Today is a very proud day for PagerDuty and PagerDuty fans around the world—we rang the bell at the New York Stock Exchange to begin...by Jennifer Tejada
April 11, 2019
We’ve been carefully reviewing your feature requests to try to understand how best to improve PagerDuty. One feature request came up far more often than the rest: make it easier to integrate PagerDuty with monitoring tools. We’ve taken this request to heart and have begun reworking PagerDuty so that we will soon be able to support API integration with monitoring systems like Nagios.
Before we can release an API for PagerDuty, though, we need to correct some over-simplifications in PagerDuty’s design. Up until now, PD required you to create a new alarm for each kind of problem that your monitoring systems are capable of detecting. Unfortunately, this doesn’t work so well if you’re using a monitoring tool like Nagios that can track thousands of conditions at once.
So, for the past few weeks, we’ve been busy re-designing PD so that it can handle multiple open incidents from a single monitoring service. We’re just about ready to roll out this new-and-improved version of PagerDuty, but before we do, we’d like to give you the chance to familiarize yourself with the system, and let us know if there’s any way we can make the new system even better prior to launch.
Glad you asked! For at least the next week, we’re going to run a preview of the new PagerDuty system. To log in, visit:
and use your normal PagerDuty email and password.
All of your data has been migrated from your PagerDuty account, so you can see exactly how the system will look once we update the software on our production servers. The preview release is fully functional, so please feel free to kick-the-tires and have it dispatch a few alerts for you. Don’t worry — nothing you do in your preview account will have any impact to your production environment. Of course, all SMS and phone calls made from the preview environment will be free of charge.
In order to maintain backward compatibility, we’ve configured all existing alarms to only support one active incident at once. To remove this restriction, simply:
PagerDuty is now capable of tracking multiple open concurrent incidents. Put another way, your monitoring system can tell PagerDuty about 100 simultaneous and independent problems without you needing to create 100 PagerDuty alarms, as is the case now.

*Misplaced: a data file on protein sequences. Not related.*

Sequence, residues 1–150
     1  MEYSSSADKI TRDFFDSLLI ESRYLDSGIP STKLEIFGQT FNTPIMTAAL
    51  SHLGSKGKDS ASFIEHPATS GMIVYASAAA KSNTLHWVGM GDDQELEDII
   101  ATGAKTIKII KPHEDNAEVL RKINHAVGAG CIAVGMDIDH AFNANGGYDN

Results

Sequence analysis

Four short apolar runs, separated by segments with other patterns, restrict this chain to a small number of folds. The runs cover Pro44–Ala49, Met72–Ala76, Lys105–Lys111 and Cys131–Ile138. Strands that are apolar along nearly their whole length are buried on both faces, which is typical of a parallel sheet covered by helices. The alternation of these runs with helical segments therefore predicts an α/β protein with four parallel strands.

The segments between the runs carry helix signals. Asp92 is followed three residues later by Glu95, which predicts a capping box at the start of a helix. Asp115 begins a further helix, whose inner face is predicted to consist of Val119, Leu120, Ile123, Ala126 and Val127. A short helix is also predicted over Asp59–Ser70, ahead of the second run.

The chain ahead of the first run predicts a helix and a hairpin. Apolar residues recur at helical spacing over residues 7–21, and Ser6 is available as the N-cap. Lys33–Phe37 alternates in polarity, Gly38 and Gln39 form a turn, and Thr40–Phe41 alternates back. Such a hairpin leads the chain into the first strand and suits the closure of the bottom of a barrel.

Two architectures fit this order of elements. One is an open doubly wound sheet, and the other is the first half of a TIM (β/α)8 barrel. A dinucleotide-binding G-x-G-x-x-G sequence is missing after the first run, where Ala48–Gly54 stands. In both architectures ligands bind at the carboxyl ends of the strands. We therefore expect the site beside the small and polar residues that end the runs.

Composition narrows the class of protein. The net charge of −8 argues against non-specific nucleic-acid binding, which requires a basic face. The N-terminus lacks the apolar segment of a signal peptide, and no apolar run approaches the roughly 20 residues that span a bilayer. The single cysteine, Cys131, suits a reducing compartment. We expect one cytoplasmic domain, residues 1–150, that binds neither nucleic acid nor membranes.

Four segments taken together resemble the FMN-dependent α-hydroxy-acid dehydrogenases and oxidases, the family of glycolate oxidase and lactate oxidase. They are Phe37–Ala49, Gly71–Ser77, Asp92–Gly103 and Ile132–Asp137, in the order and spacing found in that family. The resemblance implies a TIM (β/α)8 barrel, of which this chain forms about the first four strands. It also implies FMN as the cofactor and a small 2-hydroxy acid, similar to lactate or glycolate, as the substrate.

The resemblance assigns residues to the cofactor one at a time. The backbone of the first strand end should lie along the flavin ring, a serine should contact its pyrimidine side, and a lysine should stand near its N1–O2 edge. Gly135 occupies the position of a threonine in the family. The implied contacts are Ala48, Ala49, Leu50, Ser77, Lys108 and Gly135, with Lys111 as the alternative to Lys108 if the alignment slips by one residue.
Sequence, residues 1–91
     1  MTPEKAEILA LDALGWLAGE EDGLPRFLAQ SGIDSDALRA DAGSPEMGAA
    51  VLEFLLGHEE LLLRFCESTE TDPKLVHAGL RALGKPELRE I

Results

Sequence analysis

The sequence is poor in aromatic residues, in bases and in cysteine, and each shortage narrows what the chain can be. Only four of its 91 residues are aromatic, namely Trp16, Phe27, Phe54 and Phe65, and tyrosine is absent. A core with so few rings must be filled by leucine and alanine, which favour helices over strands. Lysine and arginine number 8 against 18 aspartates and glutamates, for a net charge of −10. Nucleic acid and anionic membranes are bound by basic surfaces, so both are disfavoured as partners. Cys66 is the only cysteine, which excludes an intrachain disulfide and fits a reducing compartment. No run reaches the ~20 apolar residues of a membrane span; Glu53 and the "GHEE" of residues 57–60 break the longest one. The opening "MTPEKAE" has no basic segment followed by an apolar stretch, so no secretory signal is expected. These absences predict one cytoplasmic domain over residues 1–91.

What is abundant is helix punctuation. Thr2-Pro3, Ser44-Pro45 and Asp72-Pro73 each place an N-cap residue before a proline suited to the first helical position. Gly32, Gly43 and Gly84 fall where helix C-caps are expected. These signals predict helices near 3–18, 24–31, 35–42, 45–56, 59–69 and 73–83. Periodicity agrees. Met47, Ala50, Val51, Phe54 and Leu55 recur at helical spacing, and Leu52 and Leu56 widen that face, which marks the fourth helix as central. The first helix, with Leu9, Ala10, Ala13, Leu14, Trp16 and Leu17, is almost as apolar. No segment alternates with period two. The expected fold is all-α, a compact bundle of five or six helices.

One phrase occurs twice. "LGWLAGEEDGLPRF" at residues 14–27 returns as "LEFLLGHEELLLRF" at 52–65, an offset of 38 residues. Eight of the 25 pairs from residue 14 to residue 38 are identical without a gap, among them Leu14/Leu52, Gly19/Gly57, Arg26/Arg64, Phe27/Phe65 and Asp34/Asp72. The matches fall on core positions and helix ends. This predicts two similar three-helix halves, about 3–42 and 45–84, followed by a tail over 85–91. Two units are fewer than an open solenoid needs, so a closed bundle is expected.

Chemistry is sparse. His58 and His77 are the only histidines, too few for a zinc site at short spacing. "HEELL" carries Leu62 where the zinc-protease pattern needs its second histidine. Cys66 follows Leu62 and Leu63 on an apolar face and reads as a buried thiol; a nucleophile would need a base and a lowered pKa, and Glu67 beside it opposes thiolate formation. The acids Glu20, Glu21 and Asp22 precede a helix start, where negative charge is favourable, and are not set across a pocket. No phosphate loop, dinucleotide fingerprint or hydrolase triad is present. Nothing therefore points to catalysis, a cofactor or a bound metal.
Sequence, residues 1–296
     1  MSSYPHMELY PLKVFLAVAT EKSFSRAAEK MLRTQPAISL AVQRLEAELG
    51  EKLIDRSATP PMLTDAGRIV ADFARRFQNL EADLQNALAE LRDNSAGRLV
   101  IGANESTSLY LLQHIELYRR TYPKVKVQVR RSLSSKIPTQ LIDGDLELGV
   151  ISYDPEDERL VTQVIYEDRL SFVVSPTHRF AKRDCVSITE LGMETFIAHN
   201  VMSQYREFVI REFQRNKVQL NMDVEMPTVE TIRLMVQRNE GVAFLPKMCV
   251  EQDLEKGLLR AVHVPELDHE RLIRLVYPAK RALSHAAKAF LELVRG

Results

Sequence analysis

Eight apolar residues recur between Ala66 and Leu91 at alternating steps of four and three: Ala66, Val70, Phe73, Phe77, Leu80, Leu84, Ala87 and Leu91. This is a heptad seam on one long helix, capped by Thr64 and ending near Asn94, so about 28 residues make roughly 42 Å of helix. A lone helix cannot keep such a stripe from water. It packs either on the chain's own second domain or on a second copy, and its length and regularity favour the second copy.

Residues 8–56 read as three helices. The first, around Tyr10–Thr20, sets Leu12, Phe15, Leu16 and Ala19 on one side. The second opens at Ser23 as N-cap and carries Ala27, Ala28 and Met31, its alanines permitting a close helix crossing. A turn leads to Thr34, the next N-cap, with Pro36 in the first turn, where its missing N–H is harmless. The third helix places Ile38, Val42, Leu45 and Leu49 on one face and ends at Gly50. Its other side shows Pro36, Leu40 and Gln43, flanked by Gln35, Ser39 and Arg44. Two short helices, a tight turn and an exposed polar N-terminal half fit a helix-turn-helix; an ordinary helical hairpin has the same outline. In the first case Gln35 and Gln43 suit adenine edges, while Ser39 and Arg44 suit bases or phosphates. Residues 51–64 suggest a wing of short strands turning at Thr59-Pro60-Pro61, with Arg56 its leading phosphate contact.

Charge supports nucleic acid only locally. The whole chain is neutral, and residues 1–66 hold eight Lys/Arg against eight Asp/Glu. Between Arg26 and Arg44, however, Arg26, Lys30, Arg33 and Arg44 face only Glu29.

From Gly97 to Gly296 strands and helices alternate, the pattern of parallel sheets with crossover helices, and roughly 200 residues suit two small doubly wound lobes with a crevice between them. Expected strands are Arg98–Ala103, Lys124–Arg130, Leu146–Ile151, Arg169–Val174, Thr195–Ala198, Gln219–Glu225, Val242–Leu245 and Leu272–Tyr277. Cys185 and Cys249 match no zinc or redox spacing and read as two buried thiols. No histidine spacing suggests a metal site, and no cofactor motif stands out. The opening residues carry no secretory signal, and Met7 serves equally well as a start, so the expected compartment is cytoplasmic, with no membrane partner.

PagerDuty now uses “incidents” rather than “alarms” as the main object. Your support team will be acknowledging, escalating, and resolving incidents, instead of the alarms that they work with now. Incidents in PagerDuty are similar to tickets in a bug tracking system: they are created when a problem is detected, and are resolved or closed when the problem is fixed.
Since PagerDuty can now handle hundreds of open incidents at once, we’ve tried to carefully design PagerDuty’s interface to make it easy to work with large collections of incidents. The new Incidents and Dashboard tabs feature tables that let you see all of the open incidents assigned to you at a glance. You can also easily triage your incidents straight from these pages using the controls located at the top of the table.
One of the biggest advantages to PagerDuty’s existing single-incident design is that it can’t generate alert storms. Even if Nagios sends hundreds of emails to PagerDuty at once, you’ll only receive one set of phone calls and SMS messages. We’ve been careful to preserve this feature in the new version of the product. PagerDuty will intelligently bundle multiple incidents into a single set of notifications so that you aren’t overwhelmed with alerts.
We’ve made a few of other small changes to support the new multi-incident functionality.
First, we’ve renamed “alarms” to “services”. Alarms/services are now used only to represent an integration point between PagerDuty and your monitoring services. Currently, PagerDuty only has one type of service: the simple email-triggered mechanism you used in the previous version of PagerDuty. In the coming weeks, we will be adding support for API-driven services so that we can offer even closer integration with products like Nagios.
For similar reasons, we’ve renamed “alarm groups” to “escalation policies”. We think the new name better captures the use of these objects.
Finally, we’ve renamed incident “suppression” to “acknowledge”. As before, this feature is used to temporarily prevent an incident from generating alerts. We thought the word “acknowledge” better captured the purpose of the feature: “stop bothering me about this problem for now… I’m working on it!”.
Next up is support for a PagerDuty API. Once we’ve deployed PagerDuty multi-incident to production and ensured that everyone is comfortable with the new system, we’ll announce our plans for the API. Stay tuned for more info!